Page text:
Here are set-up phrases modelled on my current headache. You’ll find a complete tapping round in the newsletter (but with pain, one round usually isn’t enough, so keep going).

Even though I have this blasted headache, spreading from the back of my head in red waves, I’m totally okay the way I am, and I’m now asking my body to gently release the pain and everything that causes it.

Even though I really hate this effing headache, red and ugly, spreading in waves from the back of my head, I really love and accept myself, and I’m giving myself permission to release that headache now.

Even though I’m soooo annoyed at this ugly headache, spreading in red, icky waves from the back of my head, I’m still okay the way I am, and I now choose to surprise myself by how quickly I can release that awful pain.

Your Turn:
What kinds of pain do you experience?
How does it feel to get close and personal with the pain?
What happened while you were tapping?
And finally – what are you creating right now?
Please share in a comment.

Image Source: F. Moebius

PS: My newsletter contains a full tapping round to go with my blog posts, so it’ll be easier for you to get results. Sign up through the form on the upper right hand corner, and receive an introduction to EFT as a gift, find that specific tapping round plus occasional special offers. If you’re on a mobile and can’t see the sidebar, you can sign up through this link: Newsletter Sign-up.

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Self-Care for Writers – Vacation

Good self-care includes breaks.

Which is why I am on vacation this week. I’m visiting my Dad and enjoying his company very much. However, he doesn’t want to be on social media, so I’m just sharing the cosy spot on his balcony where we share meals when it’s nice and warm.

Give yourself breaks. This is a very low-cost one (just the train tickets, really), and it’s incredibly restorative.

I’ll be back to posting full articles next week.

Dad's balcony

Dad’s Balcony

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Self-Care for Writers – Walking

Walking

Walking

I’m going to stay just a little longer with that terrible word: Exercise.

But since I believe that gyms provide a most unnatural way of exercising and  are about the most evil invention ever (granted, they are helpful if you need to strengthen some specific parts of your body), you won’t ever get a recommendation for gym work from me.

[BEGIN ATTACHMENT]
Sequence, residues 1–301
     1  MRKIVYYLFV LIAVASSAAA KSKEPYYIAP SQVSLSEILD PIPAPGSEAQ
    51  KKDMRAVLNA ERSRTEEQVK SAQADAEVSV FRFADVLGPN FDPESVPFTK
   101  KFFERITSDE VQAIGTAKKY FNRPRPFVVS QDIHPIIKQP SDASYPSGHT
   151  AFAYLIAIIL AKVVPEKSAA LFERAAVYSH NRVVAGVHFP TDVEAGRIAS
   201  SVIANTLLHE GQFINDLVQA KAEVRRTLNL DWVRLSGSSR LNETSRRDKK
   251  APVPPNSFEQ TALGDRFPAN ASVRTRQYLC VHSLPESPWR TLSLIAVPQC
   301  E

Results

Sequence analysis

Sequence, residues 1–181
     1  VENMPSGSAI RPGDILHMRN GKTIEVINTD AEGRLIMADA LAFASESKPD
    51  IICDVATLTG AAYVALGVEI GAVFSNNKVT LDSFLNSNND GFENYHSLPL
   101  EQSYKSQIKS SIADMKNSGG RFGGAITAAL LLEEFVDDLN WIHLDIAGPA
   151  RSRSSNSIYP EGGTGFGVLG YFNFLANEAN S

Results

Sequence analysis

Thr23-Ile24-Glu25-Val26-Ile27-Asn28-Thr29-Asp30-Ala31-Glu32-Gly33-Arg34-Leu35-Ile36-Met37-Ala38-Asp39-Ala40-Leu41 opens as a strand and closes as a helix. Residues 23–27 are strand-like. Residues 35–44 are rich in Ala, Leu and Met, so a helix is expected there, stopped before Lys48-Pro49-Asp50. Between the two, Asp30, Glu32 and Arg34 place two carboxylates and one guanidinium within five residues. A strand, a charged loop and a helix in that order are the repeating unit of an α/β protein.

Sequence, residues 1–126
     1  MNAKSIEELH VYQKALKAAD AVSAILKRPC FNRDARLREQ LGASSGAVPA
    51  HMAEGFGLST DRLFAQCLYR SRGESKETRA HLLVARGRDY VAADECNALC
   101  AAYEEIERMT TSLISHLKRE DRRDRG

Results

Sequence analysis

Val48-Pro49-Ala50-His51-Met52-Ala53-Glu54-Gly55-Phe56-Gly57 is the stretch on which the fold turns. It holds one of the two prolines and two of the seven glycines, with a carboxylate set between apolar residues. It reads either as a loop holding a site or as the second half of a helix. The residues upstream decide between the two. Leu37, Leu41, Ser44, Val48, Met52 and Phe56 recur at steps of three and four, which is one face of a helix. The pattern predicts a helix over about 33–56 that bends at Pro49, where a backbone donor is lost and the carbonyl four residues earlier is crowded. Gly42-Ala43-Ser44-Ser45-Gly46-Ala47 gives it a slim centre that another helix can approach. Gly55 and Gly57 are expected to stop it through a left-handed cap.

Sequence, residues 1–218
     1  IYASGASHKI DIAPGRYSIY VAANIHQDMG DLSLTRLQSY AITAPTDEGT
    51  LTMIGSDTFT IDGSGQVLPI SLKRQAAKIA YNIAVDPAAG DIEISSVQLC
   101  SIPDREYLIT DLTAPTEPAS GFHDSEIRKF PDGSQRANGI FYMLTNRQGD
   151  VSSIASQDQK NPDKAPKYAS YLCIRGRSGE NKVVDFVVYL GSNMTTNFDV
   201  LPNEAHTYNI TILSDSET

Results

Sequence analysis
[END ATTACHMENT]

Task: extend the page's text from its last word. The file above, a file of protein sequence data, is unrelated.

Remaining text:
Instead, I want to suggest something else entirely:

Walking.

Humans evolved as hunters and gatherers. Which means that walking (and sometimes running) are the most natural kinds of moving around. And walking is safer than running, for your joints and your heart, and in combination with dogs. Ahem.

So get up and walk – start today!

Now, I’m in the lucky position that I can actually walk to work. It’s a mere 2 km (a little more than a mile), and I do it twice every day, in about 17 minutes straight. In fact, I take a little detour on my way back to walk through a park which takes a couple of minutes more.

I’m also aware that I live in Germany and am very fortunate that there are lots and lots of public sidewalks, dirt roads and hiking paths freely available to the public. And in fact, most forests are open to the public, too, even if they are privately owned. They cannot be fenced in. So getting good walks here is easy.

Even so, I encourage you to find a route in your neighborhood that you can walk daily.

Daily! Yes, indeed.

It’s a nice addition to the little hourly dance I suggested last week, because it’ll get your body’s systems up and moving for a longer time, adding stamina.

Also, don’t use headphones during that walk.

Why not?

Because if you walk with your senses engaged in your surroundings, you are safer. And you reconnect to nature, even in town. You can probably see and hear birds, listen to the wind in trees and feel it on your skin. But you need to be aware to do so, and you won’t be if you’re shutting out the environment by listening to a book or music.

A walk is also a great time to daydream about your stories. I’ve found many a plot twist on my walks to and from work. It seems that moving your body can also jog that old brain.

If you’re out on a walk and you don’t take your smartphone – eeeek! – you can also think without being disturbed by anyone. And honestly, a 20 min break away from being online won’t cost you anything, but it may bring you some peace.

Reconnect with nature.

The best thing about daily walks? They reconnect you to the rhythm of nature. Yes, you might get wet once in a while because rain is part of that, but you’ll also experience the seasons.

Once you have found your route, you’ll notice little changes every day. Flowers that come and go, even if they are just weeds in the cracks. Different kinds of birds…. you might even learn to identify their calls.

I saw a wren sing for the first time in my life just a couple of weeks ago – on my walk to work. I stopped for a minute or two to watch and listen. It’s a little moment of joy that I hold in my memories.

A little walking can give you a lot.

So if you’re like me and you sit at the computer way too much every day, do consider setting aside 20 or 30 minutes for a walk every day. You don’t need a dog for that. And you could even make it a “worthwhile” tour by getting groceries or taking pictures or using it as your plotting time. Just allow yourself to be aware of nature while you do.

And if you think you can’t… well, here’s some tapping to make it easier for you.